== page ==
Clinical Trial Design

Before a clinical trial can begin, the researchers conducting the trial must determine a design. The clinical trial design is the blueprint for how the study’s experiments will be conducted, including the number of volunteers required in each phase, the treatment plan, the kinds of controls that will be used in the study and how the data will be analyzed.

Why is Clinical Trial Design Important?

Clinical trials are expensive and time-consuming, so researchers want to be sure that a trial will generate enough data—of the right kind—to make solid conclusions regarding the product’s safety and effectiveness. A well-designed clinical trial provides this information without spending more time and money than necessary.

Types of Clinical Trial Designs

Researchers categorize clinical trial designs in many different ways. At the broadest level of classification, however, clinical trials can be separated into controlled trials and observational trials:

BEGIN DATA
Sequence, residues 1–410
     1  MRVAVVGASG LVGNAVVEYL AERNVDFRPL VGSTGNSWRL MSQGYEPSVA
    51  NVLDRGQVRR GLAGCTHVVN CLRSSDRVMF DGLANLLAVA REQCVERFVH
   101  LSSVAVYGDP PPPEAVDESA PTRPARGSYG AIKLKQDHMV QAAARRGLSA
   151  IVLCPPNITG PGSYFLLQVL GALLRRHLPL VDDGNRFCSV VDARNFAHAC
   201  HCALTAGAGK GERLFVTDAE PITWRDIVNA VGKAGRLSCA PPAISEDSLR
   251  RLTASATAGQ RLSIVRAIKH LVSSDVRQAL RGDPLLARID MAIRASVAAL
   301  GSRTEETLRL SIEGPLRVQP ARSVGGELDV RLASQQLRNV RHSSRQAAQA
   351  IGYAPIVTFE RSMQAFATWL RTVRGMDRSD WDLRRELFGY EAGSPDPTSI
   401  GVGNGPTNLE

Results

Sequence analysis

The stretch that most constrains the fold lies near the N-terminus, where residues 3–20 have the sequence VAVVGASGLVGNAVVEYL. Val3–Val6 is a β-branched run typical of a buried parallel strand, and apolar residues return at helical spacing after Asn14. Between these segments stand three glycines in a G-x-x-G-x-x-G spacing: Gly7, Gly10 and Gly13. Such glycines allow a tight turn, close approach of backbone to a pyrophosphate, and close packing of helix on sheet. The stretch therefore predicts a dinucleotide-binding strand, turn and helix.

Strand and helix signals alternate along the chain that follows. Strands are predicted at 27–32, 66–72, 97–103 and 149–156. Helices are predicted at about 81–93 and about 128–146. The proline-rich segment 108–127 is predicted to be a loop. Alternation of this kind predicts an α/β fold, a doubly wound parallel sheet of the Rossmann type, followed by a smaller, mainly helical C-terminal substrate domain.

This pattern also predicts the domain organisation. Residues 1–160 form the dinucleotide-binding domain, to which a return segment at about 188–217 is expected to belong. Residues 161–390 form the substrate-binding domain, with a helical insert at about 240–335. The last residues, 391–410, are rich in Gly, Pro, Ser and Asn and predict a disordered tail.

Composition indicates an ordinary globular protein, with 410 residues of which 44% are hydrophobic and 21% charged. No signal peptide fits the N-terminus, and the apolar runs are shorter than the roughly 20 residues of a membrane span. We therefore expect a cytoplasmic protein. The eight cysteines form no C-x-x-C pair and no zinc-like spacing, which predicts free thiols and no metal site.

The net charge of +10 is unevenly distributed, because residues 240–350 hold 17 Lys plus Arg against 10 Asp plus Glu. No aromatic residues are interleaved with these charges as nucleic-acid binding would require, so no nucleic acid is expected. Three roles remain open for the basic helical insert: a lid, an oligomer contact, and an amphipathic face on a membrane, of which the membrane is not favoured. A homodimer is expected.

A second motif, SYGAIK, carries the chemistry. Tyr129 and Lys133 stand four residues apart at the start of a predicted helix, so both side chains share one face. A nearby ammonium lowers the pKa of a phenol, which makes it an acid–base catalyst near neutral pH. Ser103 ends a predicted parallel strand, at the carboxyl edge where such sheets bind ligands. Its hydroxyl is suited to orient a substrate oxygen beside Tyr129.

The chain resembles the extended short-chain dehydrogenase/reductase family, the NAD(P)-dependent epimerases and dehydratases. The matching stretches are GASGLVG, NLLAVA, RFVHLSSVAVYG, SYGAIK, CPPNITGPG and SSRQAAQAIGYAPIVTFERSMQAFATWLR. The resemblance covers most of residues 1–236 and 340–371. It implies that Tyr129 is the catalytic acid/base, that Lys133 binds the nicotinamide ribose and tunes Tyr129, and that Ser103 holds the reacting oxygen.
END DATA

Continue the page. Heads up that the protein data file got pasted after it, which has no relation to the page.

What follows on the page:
• Controlled clinical trial design: A group of volunteers receiving the new treatment is compared to a control group of volunteers, who may be given a placebo or an existing treatment.
  • Observational clinical trial design: Volunteers are given the new treatment, but they aren’t compared to a control group. Instead, researchers monitor them for changes in their condition over time.

Randomized and Blind Clinical Trials

Among controlled clinical trials, many are designed to be “randomized” and “blind.” In a randomized trial, volunteers are arbitrarily assigned to either the treatment group or the control group. If the volunteers aren’t told which group they’ve been assigned to, then the trial is categorized as blind, as well. In some trials—known as “double-blind” studies—not even the medical professionals know which volunteers belong to which group.

When possible, most trials are designed to be controlled, randomized and double-blind; these design elements allow researchers to draw more definitive conclusions about the treatment in question.


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